NTU associate professor jailed and banned from driving for colliding into motorcyclist while making discretionary right turn
SINGAPORE: A Nanyang Technological University (NTU) associate professor drove without a proper lookout and made a discretionary right turn into a motorcyclist, who suffered multiple fractures.
For one count of a negligent act causing grievous hurt, 61-year-old Lau Kim Teen was jailed for five days and banned from driving for two years on Thursday (Sep 24).
The court heard that Lau, a Malaysian and Singapore permanent resident, had driven to an eatery near Pioneer Road for dinner on Dec 30, 2018.
He drank beer during his meal, and left at about 8.45pm, driving along Jurong West Street 93. At the T-junction between Jurong West Street 93 and 92, he intended to make a right turn.
The victim, a 24-year-old motorcyclist, was approaching the T-junction from the opposite direction, and went straight ahead after spotting that the traffic light was green in his favour.
Lau did not keep a proper lookout and instead made a discretionary right turn, failing to give way to the victim's motorcycle, who had the right of way.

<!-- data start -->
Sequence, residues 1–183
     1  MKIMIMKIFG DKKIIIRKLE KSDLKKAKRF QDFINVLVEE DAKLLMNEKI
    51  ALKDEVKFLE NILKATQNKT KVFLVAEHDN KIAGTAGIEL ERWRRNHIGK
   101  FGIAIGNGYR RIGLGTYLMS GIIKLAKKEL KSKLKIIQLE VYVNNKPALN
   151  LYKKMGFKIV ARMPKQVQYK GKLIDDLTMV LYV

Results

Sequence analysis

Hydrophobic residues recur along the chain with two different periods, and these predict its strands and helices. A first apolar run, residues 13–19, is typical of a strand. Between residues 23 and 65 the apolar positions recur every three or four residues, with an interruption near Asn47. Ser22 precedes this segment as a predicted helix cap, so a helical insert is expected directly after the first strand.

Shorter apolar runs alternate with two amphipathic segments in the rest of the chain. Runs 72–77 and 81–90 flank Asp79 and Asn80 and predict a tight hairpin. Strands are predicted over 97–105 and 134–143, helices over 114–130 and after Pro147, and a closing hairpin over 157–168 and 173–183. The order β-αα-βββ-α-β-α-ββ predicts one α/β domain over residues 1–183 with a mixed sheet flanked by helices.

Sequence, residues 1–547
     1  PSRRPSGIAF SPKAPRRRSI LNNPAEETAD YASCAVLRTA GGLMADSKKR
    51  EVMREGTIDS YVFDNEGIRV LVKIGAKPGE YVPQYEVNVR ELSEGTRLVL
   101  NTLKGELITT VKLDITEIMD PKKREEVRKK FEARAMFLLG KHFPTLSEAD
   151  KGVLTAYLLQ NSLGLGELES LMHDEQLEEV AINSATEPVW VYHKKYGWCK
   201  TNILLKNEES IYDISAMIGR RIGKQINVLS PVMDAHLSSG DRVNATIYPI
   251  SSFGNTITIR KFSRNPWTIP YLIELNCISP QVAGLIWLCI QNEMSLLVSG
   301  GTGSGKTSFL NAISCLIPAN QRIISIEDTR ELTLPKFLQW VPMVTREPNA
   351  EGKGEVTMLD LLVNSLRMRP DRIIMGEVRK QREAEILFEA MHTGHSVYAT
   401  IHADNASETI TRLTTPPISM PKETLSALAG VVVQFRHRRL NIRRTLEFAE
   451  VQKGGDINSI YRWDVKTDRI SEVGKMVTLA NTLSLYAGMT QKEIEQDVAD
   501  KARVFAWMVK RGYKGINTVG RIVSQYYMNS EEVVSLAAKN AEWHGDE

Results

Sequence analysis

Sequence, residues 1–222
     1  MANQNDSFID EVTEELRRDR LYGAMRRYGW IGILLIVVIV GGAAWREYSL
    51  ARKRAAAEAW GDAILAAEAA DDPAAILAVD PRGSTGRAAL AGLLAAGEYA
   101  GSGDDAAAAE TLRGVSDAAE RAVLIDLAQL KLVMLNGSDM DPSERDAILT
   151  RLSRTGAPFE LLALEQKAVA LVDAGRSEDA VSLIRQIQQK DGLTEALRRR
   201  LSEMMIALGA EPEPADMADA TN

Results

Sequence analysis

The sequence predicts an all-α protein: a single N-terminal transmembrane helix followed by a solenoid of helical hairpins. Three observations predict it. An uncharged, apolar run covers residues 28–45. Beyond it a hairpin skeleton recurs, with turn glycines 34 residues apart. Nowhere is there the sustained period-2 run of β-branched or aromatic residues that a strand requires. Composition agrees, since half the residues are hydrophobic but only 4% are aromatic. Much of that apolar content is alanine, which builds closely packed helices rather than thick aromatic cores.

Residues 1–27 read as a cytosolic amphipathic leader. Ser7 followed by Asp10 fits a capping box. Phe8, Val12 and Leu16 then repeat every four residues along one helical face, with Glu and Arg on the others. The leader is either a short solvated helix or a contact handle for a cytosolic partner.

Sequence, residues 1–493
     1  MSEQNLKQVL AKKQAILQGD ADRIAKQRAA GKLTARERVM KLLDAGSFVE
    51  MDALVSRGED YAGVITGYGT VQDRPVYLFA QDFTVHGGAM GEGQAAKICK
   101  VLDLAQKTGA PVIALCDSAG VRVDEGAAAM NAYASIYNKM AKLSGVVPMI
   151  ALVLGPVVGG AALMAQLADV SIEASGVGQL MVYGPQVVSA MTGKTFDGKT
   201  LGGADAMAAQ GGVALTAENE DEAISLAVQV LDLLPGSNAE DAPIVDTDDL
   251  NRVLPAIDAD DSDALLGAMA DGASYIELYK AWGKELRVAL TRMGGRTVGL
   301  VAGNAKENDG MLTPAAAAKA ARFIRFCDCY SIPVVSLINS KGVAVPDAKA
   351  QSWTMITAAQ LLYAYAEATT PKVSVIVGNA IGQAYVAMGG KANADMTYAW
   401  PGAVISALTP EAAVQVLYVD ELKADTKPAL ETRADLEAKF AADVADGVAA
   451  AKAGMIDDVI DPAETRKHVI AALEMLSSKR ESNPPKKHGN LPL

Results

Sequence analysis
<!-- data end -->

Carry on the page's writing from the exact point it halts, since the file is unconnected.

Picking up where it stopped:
The victim tried to swerve his motorcycle defensively, but fell off in the collision and fainted briefly. A passer-by called the police and Lau waited for the police and the ambulance to arrive.
A police officer noted that Lau smelled of alcohol and performed a breathalyser test. The result showed "warning", and Lau was arrested and taken back to the police station for another test which found 15 microgrammes of alcohol in 100ml of his breath. This was below the legal limit of 35 microgrammes per 100ml.
The victim was taken to hospital with hand and leg fractures and underwent surgery. He continues to suffer immobility in his wrist and thumb due to the incident, and is still undergoing physiotherapy treatment pending surgery to remove implants in his right hand and leg.
Lau is listed on NTU's website as an associate professor at the Centre for Professional and Continuing Education, teaching courses in electronics and integrated circuit design at the School of Electrical and Electronic Engineering.
NTU told CNA in a statement that Lau is undergoing disciplinary proceedings, adding that the university "expects all members of its community to uphold the highest ethical standards and to obey the law at all times".
For causing grievous hurt by a negligent act, Lau could have been jailed for up to two years, fined up to S$5,000, or both. He could also have been banned from driving for life.